Writer (Mike Wigley) and Rowan Bashford skinning up the Mueller Glacier, New Zealand. Photo by: Tess Carney
What to carry in your pack for a tour:
- Shovel, transceiver, probe, collapsible poles, skins
- Goggles, sunglasses, sunscreen
- Lunch, snacks, water
- Map, compass
- Extra layers for when you take a break or emergency
- Extra gloves, hat
- First Aid kit with an emergency space blanket
- Repair kit for splitboard (extra binding parts, screws), screwdriver, (2-4) rubber ski straps (Valhalla Pure), duct tape, needle and thread, Leatherman or multi tool with knife, scraper.
- Emergency device (cell phone, Delorme inreach/ spot SOS messenger, sat phone)
- Have your pack set up for touring the night before so you don’t forget anything, double check the list before leaving the house for a solid day of touring.
- Put your beacon on while getting dressed checking battery power.
- Leave skins off skis till you get to the trailhead.
At the Trailhead:
- Turn beacon on; check yours and the group member’s battery percentage.
- Set up collapsible poles to your height, with your elbows making a 90 degree angle while holding the pole handles and the ski baskets on snow
- Set up splitboard for skinning. Practice at home to be fast in the field in various weather conditions. For skinning swap the splitboard skis, so the straight inside metal edge is your outside edge while walking up hill. Place skins and bindings onto skis and strap in.
- Delayer clothing so when you start skinning your at a cool temperature.
- Have a member of the group do a beacon check before skinning for the day.
- Take your time, walk at a speed so group members are able to have a conversation without feeling short of breath.
- If breaking trail in the snow, keep the angle of the skintrack low, in the long run it keeps everyone’s energy levels up and is more efficient.
- While leading make sure to know who is on the tail end and periodically look over your shoulder to ensure everyone is together.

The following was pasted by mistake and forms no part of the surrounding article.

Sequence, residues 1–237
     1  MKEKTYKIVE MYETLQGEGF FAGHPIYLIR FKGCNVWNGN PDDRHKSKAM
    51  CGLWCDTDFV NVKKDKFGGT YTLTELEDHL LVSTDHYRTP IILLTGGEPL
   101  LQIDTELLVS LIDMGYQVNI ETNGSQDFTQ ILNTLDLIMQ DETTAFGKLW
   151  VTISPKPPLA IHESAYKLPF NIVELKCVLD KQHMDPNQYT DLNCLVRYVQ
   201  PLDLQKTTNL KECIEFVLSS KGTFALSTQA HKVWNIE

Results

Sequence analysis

- While skinning on the snow, keep the skis on the snow and glide them rather then lifting.
- Use your poles to engage your risers when the angle of the skintrack becomes too steep. Take off risers when angle of skintrack mellows out.
- Practice makes perfect. Practice inside switching over from skis to snowboard and vice versa. Applying skins and taking them off and having a place for all your gear in your backpack mapped out. Makes it easier to organize yourself in the field and recognize if you forgot something.
Have a routine at the top;
- Quickly stomp out a spot in the snow to switch over
- Take off pack and place beside you
- Collapse poles then place on/in pack
- Unstrap bindings, step beside
- Pick up one ski, take off binding and set aside, then take off skin and place on pack. Repeat with other ski. Then taking both skins and placing them in you pack or jacket. Finish putting splitboard together.
- Grab an extra layer for the ride down, eat a snack, drink water, and a good time to fiddle with any gear before riding down.
- Put on goggles and helmet, strap into your snowboard in a comfortable spot. You may need to stomp a spot in the snow to strap in.
- Make sure where you strap in, your able to just roll into your line.
- The above routine can be used for switching over from snowboard to skis as well. I find if you do your switch over first, then you have time to enjoy a break with snacks and water while everyone finishes their changeovers and discusses the plan for the run down or the route up.
Extra Helpful Tips:
- If you find your skins are failing on you, pull over and take your skins off. Scrape any snow or ice off the adhesive side of your skin using the metal edge of your skin. Take 5 minutes and put your skins in jacket to warm up glue, to help the glue become more adhesive. If still failing use rubber ski straps or duct tape and wrap around skis and skins to help skin stay in place on ski.
- As well on the ride down you can ride with your skins in your jacket to ensure the glue lasts longer through the day.
- Be mindful of the terrain your splitboarding in and if you should keep your poles out or not. If your designated run isn’t fall line and you have to traverse or rolling over flat sections, keeping your poles out could benefit you.
- Carrying a multi-tool, knife, and a scraper in your pants pockets can save you time on switchovers. If you need to scrape snow or ice off your board, or tighten some screws.
- Learn what clothing layers works best for you in certain climates while touring, to reduce in sweating or getting soaked in wet climates.
Enjoy the journey of it all. It’s not all about bagging peaks and slaying lines, it’s about the whole process of connecting in the mountains with friends and loved ones. There’s a lifetime of lines out there to explore, enjoy the moment.